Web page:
High Maintenance attests to the revitalizing effects of living in a place where pockets of resistance remain.
Emotional complication might have elevated Maze Runner: The Death Cure out of its programmatic torpor.
The film is a doodle, but in its offhanded way, it effectively attests to the resolute nature of the Russian character.
The Inside remake is at best competently mounted and at worst a case study in watering down chaos for an American market.
See below for a list of the films that just missed making it onto our list of the best films of 2017, followed by our contributors’ individual ballots.
MacLaren elaborates on her decision to rhyme a character’s slow walk down a corridor with a scene from the show’s first episode.
The trailer for Paul Thomas Anderson’s eighth feature-length film dropped less than 30 minutes ago and cinephiles are already frothing at the mouth.
The film suggests a throwback to one of those old Hollywood moonshots of thorny romance and life-or-death adventure.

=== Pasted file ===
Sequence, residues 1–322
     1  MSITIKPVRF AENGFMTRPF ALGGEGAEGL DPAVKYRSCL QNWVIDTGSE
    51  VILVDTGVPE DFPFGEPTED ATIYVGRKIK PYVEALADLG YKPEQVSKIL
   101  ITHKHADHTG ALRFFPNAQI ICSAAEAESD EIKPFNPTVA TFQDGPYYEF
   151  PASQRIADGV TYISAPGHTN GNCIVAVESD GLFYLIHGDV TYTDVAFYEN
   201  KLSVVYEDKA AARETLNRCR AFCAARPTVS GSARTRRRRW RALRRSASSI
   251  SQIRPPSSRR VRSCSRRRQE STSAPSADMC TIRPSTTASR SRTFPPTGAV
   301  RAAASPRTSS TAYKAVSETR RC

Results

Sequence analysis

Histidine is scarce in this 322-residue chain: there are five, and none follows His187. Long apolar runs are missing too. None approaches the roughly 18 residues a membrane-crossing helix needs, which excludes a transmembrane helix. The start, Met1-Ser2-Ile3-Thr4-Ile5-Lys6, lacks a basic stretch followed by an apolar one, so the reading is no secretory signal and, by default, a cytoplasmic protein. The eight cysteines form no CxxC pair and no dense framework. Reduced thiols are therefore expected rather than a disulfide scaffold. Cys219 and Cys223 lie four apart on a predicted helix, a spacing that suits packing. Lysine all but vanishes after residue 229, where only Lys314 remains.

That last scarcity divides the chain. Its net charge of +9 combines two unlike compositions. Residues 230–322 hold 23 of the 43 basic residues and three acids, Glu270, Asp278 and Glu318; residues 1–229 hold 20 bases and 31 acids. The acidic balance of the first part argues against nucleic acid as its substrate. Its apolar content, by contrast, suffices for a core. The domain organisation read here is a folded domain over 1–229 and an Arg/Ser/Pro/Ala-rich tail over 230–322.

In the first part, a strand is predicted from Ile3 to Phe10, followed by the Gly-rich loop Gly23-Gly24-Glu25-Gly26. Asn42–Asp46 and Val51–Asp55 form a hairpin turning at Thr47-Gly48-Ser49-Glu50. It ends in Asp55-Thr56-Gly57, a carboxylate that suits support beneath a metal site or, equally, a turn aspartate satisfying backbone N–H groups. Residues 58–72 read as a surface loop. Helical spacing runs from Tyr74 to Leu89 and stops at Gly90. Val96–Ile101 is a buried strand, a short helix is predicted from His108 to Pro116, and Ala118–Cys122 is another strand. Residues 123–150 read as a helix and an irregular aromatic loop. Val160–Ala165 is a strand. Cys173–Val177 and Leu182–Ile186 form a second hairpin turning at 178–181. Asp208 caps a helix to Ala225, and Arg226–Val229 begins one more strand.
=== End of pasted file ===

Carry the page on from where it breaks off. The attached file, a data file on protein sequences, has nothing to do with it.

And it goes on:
The influence of Akira Kurosawa is very much evident in the ornate clip from Wes Anderson’s new film.
Broad City is still gut-busting, but there’s a sad undercurrent to the new season.
It invests the minutia of the down-and-out lives inside a budget motel with a bittersweet energy and significance.
Robin Campillo’s BPM (Beats Per Minute) is at its most intimate when observing the exchange of war stories.
The film is only in the business of supplying the sort of fear that hinges entirely on the shock of the exotic.
Tarik Saleh’s film gives a casually electric sense of how hardscrabble lives persist in times of war.
Cocote will have its world premiere on Wednesdy, August 3 at the Swiss festival.
Italian filmmaker Luca Guadagnino’s upcoming Call Me by Your Name first earned plaudits at its world premiere at this year’s Sundance Film Festival.
“How do we get ahead of crazy if we don’t know how crazy thinks?”
One of the most beautiful and mysterious of all existentialist adventure films receives a deservedly lush and subtle transfer.
This uniquely immersive video attests to Marcak knack for empathetically homing in on the essence of archetypical figures.
Scene after scene transpires as a discussion about togetherness—as eternal ideal and currency.